Hey parents, hoping for something new to be scared about?
Tainted peanut butter’s old news? Yawning at toy recalls? Immunizations, allergies, stranger danger, packs of wild dogs all leave you unmoved?
Well, The Sioux City Journal fronts newsof a new one — library books with print that may contain high levels of lead. The Consumer Product Safety Commission is “urging” libraries to remove books from shelves printed before 1986 while the agency looks into the lead ink link.
But wait, few libraries are complying. Madness?:
Few, if any, libraries are complying, and many librarians are ridiculing the recommendation as alarmist. Even the nation’s premier medical sleuths, the Centers for Disease Control and Prevention, say any danger from lead in children’s books is slight.
One Sioux City official said there’s another reason the nation’s librarians aren’t up in arms: Good children’s books, especially picture books, just don’t last 24 years.
“For a picture book, life is generally shorter than that,” said Jeanette Bobeen, youth services manager for the Sioux City Public Library. “They have a hard life.”
Way to ruin a good scare. Just when I had a pile of vintage Dr. Suess ready for burning.
Another letdown – the scary New Madrid fault that shakes us occassionally and threatened to unleash a catastrophic quake one of these days may be going out of business, according to new research by Purdue and Northwestern U. The Quad-City Times fronts the AP story, but doesn’t link it online.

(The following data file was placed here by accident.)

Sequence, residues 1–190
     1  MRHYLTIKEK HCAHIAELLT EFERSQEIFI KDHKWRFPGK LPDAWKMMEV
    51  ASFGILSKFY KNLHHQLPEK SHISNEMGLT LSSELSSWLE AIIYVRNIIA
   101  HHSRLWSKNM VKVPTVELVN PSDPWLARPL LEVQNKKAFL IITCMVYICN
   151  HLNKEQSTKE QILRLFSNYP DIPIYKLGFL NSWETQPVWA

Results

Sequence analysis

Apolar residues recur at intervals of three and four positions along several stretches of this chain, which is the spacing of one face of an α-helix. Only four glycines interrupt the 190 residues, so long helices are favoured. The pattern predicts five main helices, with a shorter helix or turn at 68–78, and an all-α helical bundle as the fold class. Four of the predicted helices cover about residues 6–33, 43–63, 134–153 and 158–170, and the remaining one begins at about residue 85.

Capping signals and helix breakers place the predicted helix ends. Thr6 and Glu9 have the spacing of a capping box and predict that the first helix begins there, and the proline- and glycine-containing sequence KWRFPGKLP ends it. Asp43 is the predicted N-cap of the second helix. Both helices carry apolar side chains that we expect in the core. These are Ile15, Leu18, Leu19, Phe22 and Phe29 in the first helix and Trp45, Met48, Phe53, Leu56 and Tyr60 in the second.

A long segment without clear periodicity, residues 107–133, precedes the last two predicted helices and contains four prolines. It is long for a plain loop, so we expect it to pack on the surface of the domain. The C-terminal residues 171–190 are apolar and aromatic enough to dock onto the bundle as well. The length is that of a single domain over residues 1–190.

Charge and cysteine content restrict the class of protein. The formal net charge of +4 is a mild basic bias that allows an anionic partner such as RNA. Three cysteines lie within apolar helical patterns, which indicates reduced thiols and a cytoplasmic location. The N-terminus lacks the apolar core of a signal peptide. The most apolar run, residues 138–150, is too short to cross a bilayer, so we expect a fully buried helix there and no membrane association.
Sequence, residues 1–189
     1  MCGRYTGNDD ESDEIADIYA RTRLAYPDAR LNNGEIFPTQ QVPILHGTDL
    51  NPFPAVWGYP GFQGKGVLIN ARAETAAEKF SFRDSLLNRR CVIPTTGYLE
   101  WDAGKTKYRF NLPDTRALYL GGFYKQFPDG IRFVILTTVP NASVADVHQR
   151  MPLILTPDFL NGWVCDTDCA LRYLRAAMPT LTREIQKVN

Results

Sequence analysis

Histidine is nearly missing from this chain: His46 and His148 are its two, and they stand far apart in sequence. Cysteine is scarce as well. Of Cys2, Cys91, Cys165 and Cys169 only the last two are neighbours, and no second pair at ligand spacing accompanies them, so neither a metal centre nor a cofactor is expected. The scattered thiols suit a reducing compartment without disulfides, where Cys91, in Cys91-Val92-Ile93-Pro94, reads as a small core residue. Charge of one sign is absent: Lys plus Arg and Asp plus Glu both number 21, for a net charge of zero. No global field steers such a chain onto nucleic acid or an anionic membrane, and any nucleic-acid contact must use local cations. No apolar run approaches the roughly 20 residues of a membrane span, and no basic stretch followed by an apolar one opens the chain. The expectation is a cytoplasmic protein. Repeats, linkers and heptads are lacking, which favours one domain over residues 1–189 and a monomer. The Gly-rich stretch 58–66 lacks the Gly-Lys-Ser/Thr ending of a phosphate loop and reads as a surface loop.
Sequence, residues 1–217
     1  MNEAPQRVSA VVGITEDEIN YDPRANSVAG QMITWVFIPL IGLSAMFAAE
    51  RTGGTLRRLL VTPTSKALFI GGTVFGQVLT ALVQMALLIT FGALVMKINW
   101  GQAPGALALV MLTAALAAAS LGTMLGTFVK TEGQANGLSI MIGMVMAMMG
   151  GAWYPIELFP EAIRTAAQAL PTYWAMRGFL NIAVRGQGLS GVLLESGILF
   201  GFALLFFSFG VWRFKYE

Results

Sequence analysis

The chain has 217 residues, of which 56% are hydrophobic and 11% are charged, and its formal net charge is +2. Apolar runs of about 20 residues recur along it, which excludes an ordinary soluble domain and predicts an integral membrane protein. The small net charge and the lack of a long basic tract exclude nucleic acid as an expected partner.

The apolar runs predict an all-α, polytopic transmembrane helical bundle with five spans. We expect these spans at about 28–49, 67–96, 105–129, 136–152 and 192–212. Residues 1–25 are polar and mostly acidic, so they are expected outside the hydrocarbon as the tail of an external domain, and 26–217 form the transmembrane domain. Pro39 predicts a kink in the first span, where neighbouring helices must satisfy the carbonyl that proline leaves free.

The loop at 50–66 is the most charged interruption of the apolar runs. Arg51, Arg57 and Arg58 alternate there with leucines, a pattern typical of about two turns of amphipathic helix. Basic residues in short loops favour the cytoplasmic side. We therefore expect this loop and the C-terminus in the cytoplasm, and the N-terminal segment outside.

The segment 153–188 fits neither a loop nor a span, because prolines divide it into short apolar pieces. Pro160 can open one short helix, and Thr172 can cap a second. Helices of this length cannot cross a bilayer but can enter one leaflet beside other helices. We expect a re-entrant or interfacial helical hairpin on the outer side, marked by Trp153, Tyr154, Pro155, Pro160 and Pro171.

Researchers say the fault doesn’t appear to be building up the stress that leads to an eventual big shake. In fact, there’s so little motion being detected along the fault that they conclude it may be shutting down.
Of course, this is the point where Tommy Lee Jones breaks into the briefing with an armload of data that says St. Louis is going to sink into the ground Monday at 9:38 a.m. But will they listen to this renegade? No way.
Stress is still building in the economy, and it’s claimed another college sports program. The Globe-Gazette fronts news that North Iowa Area Community College is dropping football as it tries to tackle an $800,000 budget shortfall. Cutting the program saves $171,000, according to school officials. The story mentions that players must now scramble to find a new team before next season.
U.S. Sen. Chuck Grassley backed off about a half-inch Tuesday from his Monday comments about AIG executives taking a Japanese-style DIY checkout. He’s still hopping mad, along with many Americans, about bonuses being paid to company employees even after the fed bailed out the irresponsible company. The Register’s John Carlson does a nice job sizing up the saga this morning.